Think of the evolution of communications for customer support and how it is coalescing around the concepts of not too hot; not too cold — we want it just right. Aren’t we all becoming a little like Goldilocks in terms of how we like to receive support? It’s a subject that speaks directly to message channel choices.

From the business side of the support conversation, too hot would translate into “too expensive.” In other words, a support communication model that relied on constant engagement. For instance, a heavily staffed call center that routed even minor support issues to individual phone conversations. Too cold from the customer perspective would be a lack of attention; it takes too long to get a valid response or the interaction is not conducive to a quick two-way conversation – snail mail comes to mind here, though trying to get support through email often takes too long to be satisfactory in many cases too.

So what is just right? I’d argue that SMS has become the best communication channel for customer support interactions. With SMS text you can engage in conversation, but communicate at the pace you want. It can be done in spare moments and doesn’t require continuous attention – unlike a phone conversation where you can’t drop off for 30 seconds or a minute. Yet, are people really using SMS enough, and are businesses equipped to handle SMS interactions at volume, to consider it for a support platform?

First, let’s agree that communications are going mobile — subscriptions continue to grow while landline totals continue to decline.  It is likely that most of your customer base carries a mobile device with them at all times.  And that device is not just for phone calls. In Q4 2007 US mobile subscribers caught up with worldwide users — with SMS volume exceeding call volumes (Nielsen).  And that isn’t just with tweens; that statistic held for people ages 13-44 and people 45-54 still had large SMS volumes.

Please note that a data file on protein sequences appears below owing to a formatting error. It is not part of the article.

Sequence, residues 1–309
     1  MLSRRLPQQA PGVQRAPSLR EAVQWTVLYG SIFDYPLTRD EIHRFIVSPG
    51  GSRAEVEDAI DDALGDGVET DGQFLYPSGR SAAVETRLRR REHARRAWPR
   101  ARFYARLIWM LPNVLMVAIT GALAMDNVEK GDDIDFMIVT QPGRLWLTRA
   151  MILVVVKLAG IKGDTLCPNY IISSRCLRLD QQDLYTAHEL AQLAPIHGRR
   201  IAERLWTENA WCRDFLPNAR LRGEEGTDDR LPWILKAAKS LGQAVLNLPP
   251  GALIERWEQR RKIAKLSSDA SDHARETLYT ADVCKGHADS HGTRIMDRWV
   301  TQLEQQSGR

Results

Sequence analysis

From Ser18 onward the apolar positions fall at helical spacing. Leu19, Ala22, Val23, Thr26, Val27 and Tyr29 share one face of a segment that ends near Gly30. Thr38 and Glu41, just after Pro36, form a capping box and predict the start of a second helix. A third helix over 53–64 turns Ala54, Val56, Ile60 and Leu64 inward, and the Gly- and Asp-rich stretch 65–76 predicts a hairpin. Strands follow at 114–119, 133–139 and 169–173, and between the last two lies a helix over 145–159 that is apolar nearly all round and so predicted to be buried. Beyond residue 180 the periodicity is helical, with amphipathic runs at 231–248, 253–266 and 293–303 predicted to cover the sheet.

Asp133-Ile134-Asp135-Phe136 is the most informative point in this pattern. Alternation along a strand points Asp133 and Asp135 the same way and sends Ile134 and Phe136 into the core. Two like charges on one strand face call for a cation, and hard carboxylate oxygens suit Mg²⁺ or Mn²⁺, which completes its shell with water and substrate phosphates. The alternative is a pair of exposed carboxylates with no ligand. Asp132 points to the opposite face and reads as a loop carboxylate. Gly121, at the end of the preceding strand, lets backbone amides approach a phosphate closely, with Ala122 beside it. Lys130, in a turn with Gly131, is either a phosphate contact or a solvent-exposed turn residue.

Smartphones, with apps and mobile internet, may be top in the news but in Q1 2011 they were still under 30% of the mobile market while 68% used SMS (comScore). So yes, enough people use mobile and SMS, but is it viable as a service channel, and if so how can you manage it? Here are a few examples of smart approaches to using SMS for customer care – done just right:

Comcast goes beyond their famous twitter presence and uses SMS to provide services, via Comcast4U, to their large customer base. These services range from payment notices, asking customer service to call you (!), and looking up TV listings or video on demand.

Macy’s uses SMS in-store to extend the reach of customer service, providing customers with direct access to information from their designers. This kind of service can also be extended to enroll in alert programs for fashion updates and discounts.

Several professional sports teams have adopted SMS for venue services to fans during a game. The New Orleans Saints are shrinking the size of the Louisiana Superdome, utilizing SMS to crowdsource information about rowdy fans or as a request line for assistance. There is no need to leave your seat – just text to the number provided and help is on the way. With your confirmation they will extend this and provide follow-up messages for discounts, team news, and more.

The Chicago Fire is using SMS for in-venue entertainment, with games and polls. This program extends beyond the game with news, game reminders, offers and more as a supplement to their existing email updates.

Incorporating SMS into your customer service communication channel increases responsiveness and provides customers with information when/where they want it. The key is to coordinate across these channels (e.g. web, email) so that you are seamlessly interacting with your customers, not treating people as different customers based on how they contact you. Provide a “just right” experience and you’ll see improvement in your customer loyalty. Got any other good SMS customer service examples? Share them in the comments!